Fibres: sharing stories

The heart of Scotland's impressive shipbuilding industry was located on the Clyde. It was also a centre of asbestos production and the widespread use of this toxic substance has had a lasting impact on the area and its local communities. Frances Poet's play Fibres is a moving tribute to those affected by this tragic legacy.

During rehearsals last year the cast and creative team visited Fairfield Heritage Centre in Govan to explore the Clyde and learn more about Glasgow's long industrial history. (C) Beth Chalmers

When Fibres toured to venues and community halls last year, we were overwhelmed at how many people took the time to share their own stories and experiences with us. Now, we've made a film of the show so that more people across the UK can learn about this hidden history. (If you haven't already, you can book your Watch At Home ticket at

In this blog, we're looking back at some of the wonderful feedback and heartfelt memories that we received in response to the tour:

I wanted to write to tell you how fabulous the play was. I lost my grandad in November 2017 to mesothelioma. He was diagnosed only in the July... One part of the performance that stood out for me was the part where Lucy is dreaming and talking to her parents about the financial claim. Recently our family have gone through this claim process and received some money. It was the strangest feeling receiving a cheque. Because nothing will ever replace my grandad, no amount of money in the world will heal my broken heart. But that money has also helped me with a mortgage. Listening to the parents telling Lucy to think of a figure and double it made me think of my grandad and I hope he would be saying the same. I hope he knows that we would rather have him here. For the last few months I’ve really struggled with thoughts of him thinking we are greedy, but watching the play made me think of it from another perspective. So thank you. I feel at peace with it now.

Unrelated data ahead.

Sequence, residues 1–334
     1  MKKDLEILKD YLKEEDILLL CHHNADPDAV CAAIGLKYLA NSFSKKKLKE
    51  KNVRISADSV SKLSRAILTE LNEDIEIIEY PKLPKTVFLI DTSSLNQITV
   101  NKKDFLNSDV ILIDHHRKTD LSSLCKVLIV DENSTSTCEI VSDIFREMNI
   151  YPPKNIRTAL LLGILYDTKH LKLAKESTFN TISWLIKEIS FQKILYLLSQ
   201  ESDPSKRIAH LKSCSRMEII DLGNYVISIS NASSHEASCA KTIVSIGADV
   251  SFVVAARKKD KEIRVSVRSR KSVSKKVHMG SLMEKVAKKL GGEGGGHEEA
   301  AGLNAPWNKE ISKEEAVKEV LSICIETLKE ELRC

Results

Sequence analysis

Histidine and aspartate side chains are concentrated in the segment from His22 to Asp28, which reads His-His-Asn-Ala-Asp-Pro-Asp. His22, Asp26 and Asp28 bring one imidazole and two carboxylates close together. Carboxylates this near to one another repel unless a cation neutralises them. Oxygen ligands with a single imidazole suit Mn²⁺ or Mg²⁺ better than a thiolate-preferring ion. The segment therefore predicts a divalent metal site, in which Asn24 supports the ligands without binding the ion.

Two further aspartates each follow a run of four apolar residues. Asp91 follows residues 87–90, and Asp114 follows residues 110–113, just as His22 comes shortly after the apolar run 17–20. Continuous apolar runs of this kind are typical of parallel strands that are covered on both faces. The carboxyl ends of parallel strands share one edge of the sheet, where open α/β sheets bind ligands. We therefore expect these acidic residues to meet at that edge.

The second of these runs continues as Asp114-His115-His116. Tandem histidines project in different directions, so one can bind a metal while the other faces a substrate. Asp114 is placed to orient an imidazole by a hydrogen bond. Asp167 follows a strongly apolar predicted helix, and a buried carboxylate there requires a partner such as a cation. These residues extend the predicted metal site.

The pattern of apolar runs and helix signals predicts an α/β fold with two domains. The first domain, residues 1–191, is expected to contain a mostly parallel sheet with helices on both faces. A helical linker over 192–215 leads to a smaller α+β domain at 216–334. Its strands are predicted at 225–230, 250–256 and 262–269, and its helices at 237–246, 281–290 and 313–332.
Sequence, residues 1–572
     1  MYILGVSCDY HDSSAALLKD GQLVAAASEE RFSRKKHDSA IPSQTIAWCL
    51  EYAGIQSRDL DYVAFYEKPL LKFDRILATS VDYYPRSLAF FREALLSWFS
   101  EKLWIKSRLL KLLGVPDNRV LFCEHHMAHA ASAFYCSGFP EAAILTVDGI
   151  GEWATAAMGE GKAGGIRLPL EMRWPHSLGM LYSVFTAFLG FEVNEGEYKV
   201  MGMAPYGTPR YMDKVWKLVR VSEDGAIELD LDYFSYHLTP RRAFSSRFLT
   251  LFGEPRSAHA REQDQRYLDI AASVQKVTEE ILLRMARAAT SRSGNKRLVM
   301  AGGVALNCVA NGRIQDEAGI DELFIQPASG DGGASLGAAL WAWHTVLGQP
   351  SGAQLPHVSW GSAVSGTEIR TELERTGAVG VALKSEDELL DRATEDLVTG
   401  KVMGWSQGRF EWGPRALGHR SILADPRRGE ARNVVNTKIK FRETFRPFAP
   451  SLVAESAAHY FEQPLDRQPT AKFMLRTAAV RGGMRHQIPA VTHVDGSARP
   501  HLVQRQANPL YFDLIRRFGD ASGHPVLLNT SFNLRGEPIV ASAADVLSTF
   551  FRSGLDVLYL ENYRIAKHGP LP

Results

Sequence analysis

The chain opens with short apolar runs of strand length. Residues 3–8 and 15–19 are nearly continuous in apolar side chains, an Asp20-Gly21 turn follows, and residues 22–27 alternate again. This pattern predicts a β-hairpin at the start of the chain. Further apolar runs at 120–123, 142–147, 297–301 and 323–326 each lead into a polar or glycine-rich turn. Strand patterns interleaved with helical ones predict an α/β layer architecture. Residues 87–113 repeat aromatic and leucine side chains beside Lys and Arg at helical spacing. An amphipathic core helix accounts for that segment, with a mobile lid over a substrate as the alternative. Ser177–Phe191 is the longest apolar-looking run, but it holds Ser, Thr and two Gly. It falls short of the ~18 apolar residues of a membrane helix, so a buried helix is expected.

Audience member, Fibres Tour 2019 


The play was really heartwarming and hit home with a few memories of my own family member who struggled with asbestosis. The actors/actresses were on top form and really showed how family illness can affect everyone in different ways. Thank you for a wonderful show xx 

Audience member, Fibres Tour 2019

As a local GP I have supported patients and their families for over 20 years in dealing with asbestos related illness and watched patients going through diagnosis to end of life care. This play was a moving and very accurate representation of the struggles people go through.

Audience member, Fibres Tour 2019 

Thoroughly enjoyed it. Love theatre based on true stories. Great to see a sad story told with humour and this hidden issue being brought to the attention of the public.

Audience member, Fibres Tour 2019 

I saw the show in Paisley and thought it was extremely powerful. I lost my dad in September 2016. He is still in many family conversations which for me keeps his memory and personality alive. What I found hard to hear was the word Mesothelioma. I’m not sure why, maybe it makes it feel too real. For me though, the most amazing fact is that the writer of the play (as far as I know) did not lose anyone to this horrible disease but was able to articulate so well what victims and families are going through. I thanked Frances Poet after the show and she was so grateful and thanked me, it was really touching. Well done to all involved. 

Audience member, Fibres Tour 2019 

Stellar Quines, Action on Asbestos and Strathclyde University Archive have also worked on an oral history project, collecting and recording the stories of people impacted by asbestos poisoning. Visit Stellar Quines website to learn more about this project.  You can also read more audience reactions here.

Jonathan Watson stars in the film of Fibres (C) Alan Peebles

The film of Fibres will premiere online on 25 November 2020
. Watch along with us, wherever you are, as we relive this important and entertaining story.

A co-production with Stellar Quines, the film of Fibres is made possible thanks to funding from the Performing Arts Venue Relief Fund and is supported by Action on Asbestos and Thompsons Solicitors.